Edited By Lucyna Aleksandrowicz-Pędich and Jacek Partyka
Viennese Culture in 1900: Bridging the Divide
By and large, the historiography of Austrian Jews, but also generally all Central European Jews in the 19th and 20th centuries, is characterized by a one-sided perspective. It primarily traces entry by Jews into the ‘middle-class’ and the adoption of societally prevalent cultural standards, which can be classified as belonging to high culture (Storey 32–47). This narrative found its paradigmatic expression in Steven Beller’s book, Vienna and the Jews, in which he describes Jews’ contributions to high culture. Beller’s outstanding publication explains the reasons for the large share of Jews among the producers of Viennese fin-de-siècle culture. It is rightly considered to be a standard work on Austrian Jewry at the turn of the 20th century. Yet in his book the cultural articulations of everyday life have been omitted and references to popular culture are missing. Beller’s book gives the impression that Jews had nothing to do with the distractions and amusement of popular culture. The vast majority of other publications regarding the history of Austrian Jews also deal exclusively with high culture, that is, when they address cultural activities at all.1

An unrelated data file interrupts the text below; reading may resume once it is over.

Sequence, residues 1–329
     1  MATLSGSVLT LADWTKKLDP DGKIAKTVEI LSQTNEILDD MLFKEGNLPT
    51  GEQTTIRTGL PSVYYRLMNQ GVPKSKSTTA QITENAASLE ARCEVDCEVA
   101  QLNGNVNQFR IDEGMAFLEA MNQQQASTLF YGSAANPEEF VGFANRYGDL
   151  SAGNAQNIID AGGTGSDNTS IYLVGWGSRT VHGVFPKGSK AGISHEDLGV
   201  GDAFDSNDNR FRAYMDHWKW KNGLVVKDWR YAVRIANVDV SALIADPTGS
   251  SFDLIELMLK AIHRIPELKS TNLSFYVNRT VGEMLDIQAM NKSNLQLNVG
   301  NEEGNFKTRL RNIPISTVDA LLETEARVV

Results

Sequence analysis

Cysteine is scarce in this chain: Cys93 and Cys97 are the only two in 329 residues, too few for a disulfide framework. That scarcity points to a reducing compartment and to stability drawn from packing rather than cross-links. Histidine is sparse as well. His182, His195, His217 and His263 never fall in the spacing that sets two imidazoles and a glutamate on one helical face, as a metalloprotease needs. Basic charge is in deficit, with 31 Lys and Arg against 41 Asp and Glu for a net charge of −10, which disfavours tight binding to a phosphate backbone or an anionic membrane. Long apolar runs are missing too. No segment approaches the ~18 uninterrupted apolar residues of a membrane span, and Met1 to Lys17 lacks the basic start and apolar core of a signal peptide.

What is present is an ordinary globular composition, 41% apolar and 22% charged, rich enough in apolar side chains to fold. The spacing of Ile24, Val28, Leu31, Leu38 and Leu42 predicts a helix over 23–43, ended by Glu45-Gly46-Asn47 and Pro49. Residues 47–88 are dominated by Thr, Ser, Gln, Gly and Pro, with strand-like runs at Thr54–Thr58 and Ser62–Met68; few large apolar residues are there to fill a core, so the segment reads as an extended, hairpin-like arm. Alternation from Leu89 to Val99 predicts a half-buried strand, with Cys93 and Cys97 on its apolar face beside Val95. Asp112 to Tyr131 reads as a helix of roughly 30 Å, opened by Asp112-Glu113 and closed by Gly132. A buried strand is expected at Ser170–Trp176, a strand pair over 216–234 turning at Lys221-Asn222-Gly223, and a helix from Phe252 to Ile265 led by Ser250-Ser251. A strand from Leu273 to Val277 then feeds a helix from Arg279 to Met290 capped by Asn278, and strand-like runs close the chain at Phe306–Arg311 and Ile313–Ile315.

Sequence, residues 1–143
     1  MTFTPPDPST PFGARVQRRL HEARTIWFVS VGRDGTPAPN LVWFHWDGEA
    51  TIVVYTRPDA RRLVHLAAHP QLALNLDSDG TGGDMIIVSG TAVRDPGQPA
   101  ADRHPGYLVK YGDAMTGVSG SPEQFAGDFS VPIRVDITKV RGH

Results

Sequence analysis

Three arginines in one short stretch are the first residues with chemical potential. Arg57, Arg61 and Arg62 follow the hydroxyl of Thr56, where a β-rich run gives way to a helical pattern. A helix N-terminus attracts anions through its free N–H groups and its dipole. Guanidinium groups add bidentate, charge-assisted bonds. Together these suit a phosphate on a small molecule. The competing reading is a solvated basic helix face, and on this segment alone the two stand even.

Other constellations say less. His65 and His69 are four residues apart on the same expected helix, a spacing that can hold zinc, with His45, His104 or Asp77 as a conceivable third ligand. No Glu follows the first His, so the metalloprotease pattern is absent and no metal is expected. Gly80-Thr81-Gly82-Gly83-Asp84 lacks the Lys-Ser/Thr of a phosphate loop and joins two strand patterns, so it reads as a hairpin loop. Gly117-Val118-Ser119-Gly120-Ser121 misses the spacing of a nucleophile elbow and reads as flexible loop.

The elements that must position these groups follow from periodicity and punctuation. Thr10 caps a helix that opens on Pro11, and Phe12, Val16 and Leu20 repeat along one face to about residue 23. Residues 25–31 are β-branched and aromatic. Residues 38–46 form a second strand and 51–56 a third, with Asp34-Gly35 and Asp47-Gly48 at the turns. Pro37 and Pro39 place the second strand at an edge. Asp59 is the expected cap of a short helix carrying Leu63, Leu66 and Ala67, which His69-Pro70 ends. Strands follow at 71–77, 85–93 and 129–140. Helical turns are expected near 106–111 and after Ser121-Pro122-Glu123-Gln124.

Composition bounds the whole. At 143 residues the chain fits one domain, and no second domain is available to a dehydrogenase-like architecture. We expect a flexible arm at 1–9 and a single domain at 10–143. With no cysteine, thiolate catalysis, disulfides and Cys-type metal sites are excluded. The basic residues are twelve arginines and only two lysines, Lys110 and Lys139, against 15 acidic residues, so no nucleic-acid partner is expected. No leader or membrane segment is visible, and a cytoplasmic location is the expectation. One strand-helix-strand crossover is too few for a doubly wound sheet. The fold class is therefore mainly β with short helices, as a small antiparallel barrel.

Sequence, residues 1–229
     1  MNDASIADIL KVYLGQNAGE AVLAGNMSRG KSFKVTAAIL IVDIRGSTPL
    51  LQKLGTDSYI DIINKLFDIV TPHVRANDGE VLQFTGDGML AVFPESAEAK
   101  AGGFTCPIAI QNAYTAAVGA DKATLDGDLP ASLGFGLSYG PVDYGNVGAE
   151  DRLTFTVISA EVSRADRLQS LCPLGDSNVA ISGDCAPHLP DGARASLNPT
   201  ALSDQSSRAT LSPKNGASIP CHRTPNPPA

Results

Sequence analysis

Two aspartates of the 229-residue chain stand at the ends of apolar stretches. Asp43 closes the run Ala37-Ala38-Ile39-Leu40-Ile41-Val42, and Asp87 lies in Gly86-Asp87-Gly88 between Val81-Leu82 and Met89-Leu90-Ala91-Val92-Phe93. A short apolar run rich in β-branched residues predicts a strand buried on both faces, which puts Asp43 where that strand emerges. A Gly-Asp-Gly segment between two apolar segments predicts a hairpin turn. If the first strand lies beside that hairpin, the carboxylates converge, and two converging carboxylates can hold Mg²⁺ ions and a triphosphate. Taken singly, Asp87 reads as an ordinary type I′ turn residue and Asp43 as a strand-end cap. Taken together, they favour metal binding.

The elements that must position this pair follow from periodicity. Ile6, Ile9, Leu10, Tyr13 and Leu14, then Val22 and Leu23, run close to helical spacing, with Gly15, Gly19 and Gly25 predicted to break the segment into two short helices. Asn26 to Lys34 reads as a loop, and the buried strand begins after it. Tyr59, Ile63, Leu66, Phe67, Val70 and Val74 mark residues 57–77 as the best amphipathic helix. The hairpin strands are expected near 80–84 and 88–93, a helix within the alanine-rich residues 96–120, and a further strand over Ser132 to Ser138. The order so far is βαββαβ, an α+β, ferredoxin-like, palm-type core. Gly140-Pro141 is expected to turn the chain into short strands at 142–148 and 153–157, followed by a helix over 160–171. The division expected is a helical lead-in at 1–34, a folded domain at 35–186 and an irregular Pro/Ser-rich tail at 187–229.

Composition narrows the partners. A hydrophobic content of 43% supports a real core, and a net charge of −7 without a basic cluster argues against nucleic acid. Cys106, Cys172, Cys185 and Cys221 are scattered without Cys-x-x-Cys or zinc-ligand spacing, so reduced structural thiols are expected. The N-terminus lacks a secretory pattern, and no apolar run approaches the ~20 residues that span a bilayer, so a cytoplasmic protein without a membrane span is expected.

There are only very few isolated works that focus on Jews in Viennese popular culture. Almost all of them deal with the field of music. Yet, they are largely ignored by historians of Viennese Jewry. These immensely insightful but widely neglected publications include, above all, works on Jewish Volkssänger and musicians of Wienerlieder as well as on Jargon theatres.2 Besides, a...
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